The estimate of nutrient losses can be adjusted up or down for yields higher or lower than those of the examples given in the tables. These estimates can be calculated from the assumptions of percentage of total dry matter for each plant part and the listed nutrient concentrations. This adjustment is not exact because dry matter and nutrient concentrations change with yield level, but it should provide a reasonable estimate for production fields with adequate fertility.

Assigning a value to lost organic matter

There are no standard values for crop residue or soil organic matter. And compared with organic matter levels in soils, the amount that would normally remain after residue decomposition from one crop is very small (long term, approximately 10 percent of the carbon in crop residue remains as soil organic matter). With the advent of carbon trading, cornstalk consumption for energy production, and cornstalk bedding, perhaps values will become standardized for crop residue and carbon. Additionally, loss of surface residue may be a short-term issue in some fields for erosion control.

What about the effect on N need when corn follows soybean?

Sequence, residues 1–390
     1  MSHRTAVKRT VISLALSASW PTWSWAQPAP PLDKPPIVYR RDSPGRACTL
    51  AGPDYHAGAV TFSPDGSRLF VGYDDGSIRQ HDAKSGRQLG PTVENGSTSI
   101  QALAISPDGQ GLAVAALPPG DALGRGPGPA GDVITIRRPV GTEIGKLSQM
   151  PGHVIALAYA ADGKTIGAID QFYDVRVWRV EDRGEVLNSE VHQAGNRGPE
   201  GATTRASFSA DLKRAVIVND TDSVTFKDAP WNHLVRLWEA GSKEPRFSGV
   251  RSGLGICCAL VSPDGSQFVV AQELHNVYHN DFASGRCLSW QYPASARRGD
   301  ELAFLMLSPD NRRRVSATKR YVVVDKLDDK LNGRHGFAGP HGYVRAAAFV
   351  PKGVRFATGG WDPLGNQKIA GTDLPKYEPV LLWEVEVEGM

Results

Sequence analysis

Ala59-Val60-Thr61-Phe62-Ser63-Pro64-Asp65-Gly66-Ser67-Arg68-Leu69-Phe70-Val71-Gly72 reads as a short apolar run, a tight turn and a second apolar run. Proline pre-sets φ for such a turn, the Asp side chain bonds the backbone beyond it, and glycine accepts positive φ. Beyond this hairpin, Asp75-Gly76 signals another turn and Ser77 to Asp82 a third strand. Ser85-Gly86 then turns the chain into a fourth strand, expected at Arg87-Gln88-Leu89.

A large reason corn rotated after soybean needs less N fertilization compared with corn after corn has to do with differences between the crops in the amount of residue, relative N concentration, and timing of residue decomposition. This is more important (especially on a short-term basis) than simply the return or loss of soybean residue in a field. Research conducted at the University of Wisconsin showed that when soybean residue was removed after harvest from an area, the N need of the following corn crop was essentially the same as in areas where the residue was left (and similar where the soybean residue was doubled). Therefore, a suggestion is to not apply extra N for corn that will be planted next year in a burnt soybean field.

Also, in fields where unharvested soybean were burnt, if much of the seed did not burn but instead fell to the ground, then significant amounts of N are returned to the soil. This return would reduce the fertilizer N need for the next corn crop. Soil sampling next year for the late spring soil nitrate test or taking corn leaf greenness readings (SPAD chlorophyll meter readings) can help confirm the corn N needs in the burnt areas.


There is no one answer to the question, What is lost when my field burns? Evaluation of each field is required to arrive at the best estimate. Also, as is often the case, entire fields do not burn but only irregular areas, thus an estimate of the affected area, as well as the crop or residue components lost, is required.